Skip to main content

The Consortium's Proximal Origin

At the time of the outbreak, we had:

  • Garry’s and Andersen’s Consortium operating from Kenema Govt Hospital with a $7 mil grant from NIH to research bioweapon detection technology for hemorrhagic fevers, including Ebola.
  • Tekmira (and shortly later, Wellcome) conducting RNAi (i=interference) drug trials - backed by a $140 mil US Dept of Defense grant. Share price was booming.

Everything was going great - until it wasn't. The first setback was a public tide-turning in the affected populations of Guinea, Sierra Leone and Liberia.

Blogger Jon Rappoport  reported that on July 23, 2014, the Sierra Leone Ministry of Health and Sanitation posted a list of emergency offensive measures to tackle the Ebola outbreak.  These included:

Tulane University to stop Ebola testing during the current Ebola outbreak.

He provided a link to the FB page - it's gone 404.  I'm assuming it's true.  Pity screenshot wasn't big in 2014. (Aside: Billy Bostickson is the master of screenshot.  Can't get stronger evidence in an argument than look - you said it.)

Which would beg the question: Why would the Health Ministry urgently ban Garry, one of the world’s leading bioweapons countermeasure technicians from conducting tests?  When you currently have the worst outbreak ever?

The inference is the Ministry of Health was aware something untoward was going on at The Consortium's Kenema Government Hospital lab in Sierra Leone.  In close proximity to the original outbreak. Operating within a fabric of established governmental corruption.  As usual, it takes two to tango.

A plausible alternative to the Ministry's post is it may have been reacting to public sentiment in the West African countries.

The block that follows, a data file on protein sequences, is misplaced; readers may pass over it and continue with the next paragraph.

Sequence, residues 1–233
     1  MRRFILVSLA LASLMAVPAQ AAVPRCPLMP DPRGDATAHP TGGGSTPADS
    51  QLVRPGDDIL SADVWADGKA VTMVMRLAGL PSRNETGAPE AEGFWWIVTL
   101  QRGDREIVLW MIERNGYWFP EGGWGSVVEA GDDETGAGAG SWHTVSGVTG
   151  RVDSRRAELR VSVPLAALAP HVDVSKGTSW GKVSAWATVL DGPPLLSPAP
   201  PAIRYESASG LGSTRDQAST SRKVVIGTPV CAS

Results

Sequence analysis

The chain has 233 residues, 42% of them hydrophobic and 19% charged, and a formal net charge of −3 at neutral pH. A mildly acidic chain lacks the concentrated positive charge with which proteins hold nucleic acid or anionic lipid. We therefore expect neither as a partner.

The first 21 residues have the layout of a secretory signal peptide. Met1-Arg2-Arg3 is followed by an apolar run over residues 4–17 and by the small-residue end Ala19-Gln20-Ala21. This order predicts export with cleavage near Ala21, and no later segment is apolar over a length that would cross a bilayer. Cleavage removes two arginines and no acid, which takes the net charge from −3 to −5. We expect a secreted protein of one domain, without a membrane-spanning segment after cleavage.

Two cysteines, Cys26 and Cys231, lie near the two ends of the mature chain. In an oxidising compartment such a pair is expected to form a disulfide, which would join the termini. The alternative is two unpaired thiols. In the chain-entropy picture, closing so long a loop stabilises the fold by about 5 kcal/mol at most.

There were widespread rumours in Sierra Leone that the outbreak had originated from Garry's and Andersen's Kenema lab. Never comes up in the papers in Nature sponsored by Jeremy Farrar's VIZIONS, but it was a real thing.  To the point of being dangerous for Garry and Andersen personally - must have been exciting - scary exciting - high adrenaline.

Adia Benton, anthropologist, Northwestern Uni:  Another origin story centered Ebola at the intersections of race, militarization, and the political economy of scientific research. Many West Africans and people of African descent questioned whether the American military–funded laboratory in Kenema, Sierra Leone, and its partners at Tulane University were to blame. They believed scientists working in the lab conducted experiments that put local populations at risk.

Indeed, these 'rumours' about Tulane led to a resistance movement.  It included incidents of violence  aimed at foreign health agencies and their workers in general.  Youth groups enforced a DIY quarantine zone to keep foreign aid workers out.

James Fairhead, Ebola-Anthropology, 2015 (PDF, p3): June and July 2014, twenty six Kissi-speaking villages in Guéckedou Prefecture isolated themselves from Ebola response, cutting bridges and felling trees to prevent vehicle access, or stoning intruding vehicles.  In Tekoulo, youth isolated themselves in farm camps in self-imposed quarantine, saying:  “We don’t want any visitors.... We don’t want any contact with anyone. Wherever those people have passed (foreign Zoonati), the communities have been hit by illness (Nossiter 2014a).”

Science: (Peter Walsh) and his colleagues are continuing to sample bats and other wildlife in the region—most recently from Ivory Coast, close to the Guinean border. In Guinea, he says, surveys aren't possible at the moment. With the Ebola epidemic still raging there, "people are very suspicious," he says—especially of anyone who wants to capture bats.

Garry and Andersen were in the eye-of-the-storm of all that Forget about whether they were involved in a lab-origin for Ebola for a minute, the sheer fraughtness of the situation is high drama.   You'd need military protection to travel around.  Even with that, you'd still need balls.